If you're in a leadership role at work, you want to strike the right balance of being seen as strong and authoritative without coming across as bossy. It's a fine line to walk and a challenging one, especially if you're new to leadership.
The good news? It is possible to be a boss without being bossy. Below are a few steps to fulfilling your leadership responsibilities and building a healthy, engaged team.
7 ways to be an effective leader
1. Embrace the "we" attitude
If you ever heard the phrase “there’s no I in team” as a kid, get ready to hear it again. The idea is as true in the conference room as it was on the playground. Great leaders don't try to do it all themselves. They also don't bark orders at their teams. Make a point of creating a communicative, collaborative workplace that welcomes everyone’s opinions.
Remember that you and your employees are all working toward a common goal. At the same time, your team probably has many different personalities and work styles, so they’ll approach that goal in different ways. It's on you, the leader, to bring everyone together and move forward as one.
2. Trust your team
Micromanaging is a common mistake among managers because they often struggle with the line between control and authority. This will not only annoy your team, but will also leave you overloaded and burnt out. Instead of trying to dictate what people do and how, delegate responsibilities and then trust people to do the tasks they've been assigned. You might have the final say on certain decisions, but it’s important to trust your team to present you with good options.
Trusting others is critical if you want to lead with a growth mindset. In fact, we recommend hiring people who are smarter than you! Find individuals who can fill the skills and knowledge gaps in your team.
3. Encourage others to take the lead
Another step you can take to avoid micromanaging? Encouraging others to take on leadership responsibilities. Give team members the chance to prove themselves by giving them ownership of specific tasks or projects. This is another way to show your team you trust them.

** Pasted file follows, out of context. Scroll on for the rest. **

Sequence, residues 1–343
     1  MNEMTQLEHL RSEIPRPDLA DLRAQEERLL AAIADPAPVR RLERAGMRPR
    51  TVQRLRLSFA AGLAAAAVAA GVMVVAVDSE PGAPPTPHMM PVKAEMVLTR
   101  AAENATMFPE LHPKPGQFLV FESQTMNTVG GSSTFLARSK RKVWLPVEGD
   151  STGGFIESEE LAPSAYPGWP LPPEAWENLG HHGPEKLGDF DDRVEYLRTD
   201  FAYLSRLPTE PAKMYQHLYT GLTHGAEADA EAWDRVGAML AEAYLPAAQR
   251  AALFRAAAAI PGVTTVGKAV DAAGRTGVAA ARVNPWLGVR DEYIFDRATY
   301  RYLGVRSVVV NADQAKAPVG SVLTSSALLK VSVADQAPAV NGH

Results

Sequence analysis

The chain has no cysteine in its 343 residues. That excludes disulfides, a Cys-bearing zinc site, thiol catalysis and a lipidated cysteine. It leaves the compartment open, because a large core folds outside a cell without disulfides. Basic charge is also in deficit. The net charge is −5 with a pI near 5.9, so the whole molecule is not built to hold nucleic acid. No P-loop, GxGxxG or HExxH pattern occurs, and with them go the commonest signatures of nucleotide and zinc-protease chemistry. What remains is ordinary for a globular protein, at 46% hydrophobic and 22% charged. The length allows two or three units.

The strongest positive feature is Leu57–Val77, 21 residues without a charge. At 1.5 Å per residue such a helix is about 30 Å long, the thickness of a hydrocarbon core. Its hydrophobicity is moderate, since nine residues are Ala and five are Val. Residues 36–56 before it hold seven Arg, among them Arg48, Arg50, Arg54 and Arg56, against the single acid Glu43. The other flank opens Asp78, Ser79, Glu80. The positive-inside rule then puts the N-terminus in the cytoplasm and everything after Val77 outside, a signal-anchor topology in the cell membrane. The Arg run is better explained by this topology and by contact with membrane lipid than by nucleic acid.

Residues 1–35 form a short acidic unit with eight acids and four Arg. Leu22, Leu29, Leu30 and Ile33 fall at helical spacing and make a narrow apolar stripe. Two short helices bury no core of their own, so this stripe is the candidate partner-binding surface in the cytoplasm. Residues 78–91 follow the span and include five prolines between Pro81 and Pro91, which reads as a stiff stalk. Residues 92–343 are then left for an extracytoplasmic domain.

Giving employees a chance to shine allows you to identify novel ways for them to grow and excel within your organization. When they know their contributions are valued, employees are less likely to switch companies in pursuit of new jobs and will instead seek opportunities within their current company. Make the most of that strategy and tap into your team’s experience and potential.
4. Keep communication open
A lack of communication can result in confusion and misunderstandings in the workplace. In the worst-case scenario, it can lead to frustration within your team. Promote communication by keeping your office door open and making it clear that workers can come to you at any time if they have questions or concerns.
Managing a remote team requires a slightly different strategy. Make sure to keep communication alive by checking in regularly. You might schedule a one-on-one every second week, for example, in addition to team meetings. Being responsive to each employee’s communication style and support needs is key when you can’t read nonverbal cues in an office.
5. Seek feedback
The best leaders practice humility. If you give off the impression that you think you're "better" than your team, you're sure to face disgruntled workers. Acknowledge that you make mistakes and have weaknesses. This will make you more relatable to your team and ensure that they aren't intimidated by you.
You can also demonstrate humility by seeking feedback. Encourage employees to provide comments on your leadership much in the same way you'd provide them with a performance review. This can be done anonymously via a digital survey tool to encourage honesty. The results can help you transform your leadership style.
6. Practice gratitude
Sometimes, learning how to be a leader at work without being bossy comes down to two simple words: Thank you! When your employees do something for you, whether it's a complex task or being consistent with a basic routine, take a moment to express your gratitude.
Verbalizing your gratitude doesn't cost you a thing, and it can make a big difference to your team. If you fail to acknowledge their hard work, they may feel unseen and underappreciated. This can damage morale and put a damper on motivation, negatively affecting productivity in the long run.
7. Show your employees you care
Saying "thank you" is just one way to show your employees you care. You also want to ensure they're cared for tangibly, with the appropriate pay and benefits. That said, if you're managing a globalized team, getting payroll and benefits right across multiple countries—each with their own labor laws—can be tricky.
Oyster is here to help. Oyster's leadership team is dedicated to making other leaders' lives easier with one simple global employment solution. Oyster helps leaders like you hire, pay, and care for team members, wherever they are in the world. From compliance issues to payroll in local currency, Oyster covers all the essentials.
Oyster is a global employment platform designed to enable visionary HR leaders to find, engage, pay, manage, develop, and take care of a thriving distributed workforce. Oyster lets growing companies give valued international team members the experience they deserve, without the usual headaches and expense. Oyster enables hiring anywhere in the world—with reliable, compliant payroll, and great local benefits and perks.